Chemokine (c-c motif) ligand 2 (ccl2) in sera of patients with type 1 diabetes and diabetic complications

Ruili Guan, Sharad B Purohit, Hongjie Wang, Bruce Bode, John Chip Reed, R. Dennis Steed, Stephen W. Anderson, Leigh Steed, Diane Hopkins, Chun Xia, Jin-Xiong She

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20 Scopus citations

Abstract

Background: Chemokine (C-C motif) ligand 2 (CCL2), commonly known as monocyte chemoattractant protein-1 (MCP-1), has been implicated in the pathogenesis of many diseases characterized by monocytic infiltration. However, limited data have been reported on MCP-1 in type 1 diabetes (T1D) and the findings are inconclusive and inconsistent. Methods: In this study, MCP-1 was measured in the sera from 2,472 T1D patients and 2,654 healthy controls using a Luminex assay. The rs1024611 SNP in the promoter region of MCP-1 was genotyped for a subset of subjects (1764 T1D patients and 1323 controls) using the TaqMan-assay. Results: Subject age, sex or genotypes of MCP-1 rs1024611SNP did not have a major impact on serum MCP-1 levels in either healthy controls or patients. While hemoglobin A1c levels did not have a major influence on serum MCP-1 levels, the mean serum MCP-1 levels are significantly higher in patients with multiple complications (mean = 242 ng/ml) compared to patients without any complications (mean = 201 ng/ml) (p = 3.5×10-6). Furthermore, mean serum MCP-1 is higher in controls (mean = 261 ng/ml) than T1D patients (mean = 208 ng/ml) (p<10-23). More importantly, the frequency of subjects with extremely high levels (>99th percentile of patients or 955 ng/ml) of serum MCP-1 is significantly lower in the T1D group compared to the control group (odds ratio = 0.11, p<10-33). Conclusion: MCP-1 may have a dual role in T1D and its complications. While very high levels of serum MCP-1 may be protective against the development of T1D, complications are associated with higher serum MCP-1 levels within the T1D group.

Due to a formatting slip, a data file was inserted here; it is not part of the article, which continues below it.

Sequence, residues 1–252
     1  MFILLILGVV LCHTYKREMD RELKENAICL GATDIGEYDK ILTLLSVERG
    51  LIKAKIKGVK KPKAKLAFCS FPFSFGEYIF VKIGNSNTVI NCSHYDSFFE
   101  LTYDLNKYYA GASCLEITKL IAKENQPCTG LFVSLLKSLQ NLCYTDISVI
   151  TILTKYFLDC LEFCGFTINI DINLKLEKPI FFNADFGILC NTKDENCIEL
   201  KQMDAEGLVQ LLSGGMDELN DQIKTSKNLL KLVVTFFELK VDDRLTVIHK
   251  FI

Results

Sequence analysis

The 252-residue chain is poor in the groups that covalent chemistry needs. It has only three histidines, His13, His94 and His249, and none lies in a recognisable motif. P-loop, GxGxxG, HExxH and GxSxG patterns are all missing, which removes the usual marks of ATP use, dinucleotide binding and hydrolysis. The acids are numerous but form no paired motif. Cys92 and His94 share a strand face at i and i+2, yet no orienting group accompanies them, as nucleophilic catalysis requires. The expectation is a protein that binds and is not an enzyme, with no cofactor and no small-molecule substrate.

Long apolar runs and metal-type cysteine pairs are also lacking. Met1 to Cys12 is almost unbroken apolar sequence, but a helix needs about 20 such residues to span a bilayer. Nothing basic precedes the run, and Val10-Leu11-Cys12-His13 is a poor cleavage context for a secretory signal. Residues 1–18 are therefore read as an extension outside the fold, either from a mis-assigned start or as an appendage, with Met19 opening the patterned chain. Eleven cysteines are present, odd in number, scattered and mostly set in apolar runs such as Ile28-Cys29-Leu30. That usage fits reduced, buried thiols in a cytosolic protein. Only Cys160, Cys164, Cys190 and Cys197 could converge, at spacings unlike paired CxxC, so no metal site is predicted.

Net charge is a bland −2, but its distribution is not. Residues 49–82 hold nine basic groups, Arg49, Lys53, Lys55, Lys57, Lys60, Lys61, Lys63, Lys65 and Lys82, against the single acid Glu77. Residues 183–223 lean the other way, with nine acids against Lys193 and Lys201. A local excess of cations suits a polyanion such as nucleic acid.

Original languageEnglish (US)
Article numbere17822
JournalPloS one
Volume6
Issue number4
DOIs
StatePublished - 2011

ASJC Scopus subject areas

  • Biochemistry, Genetics and Molecular Biology(all)
  • Agricultural and Biological Sciences(all)
  • General

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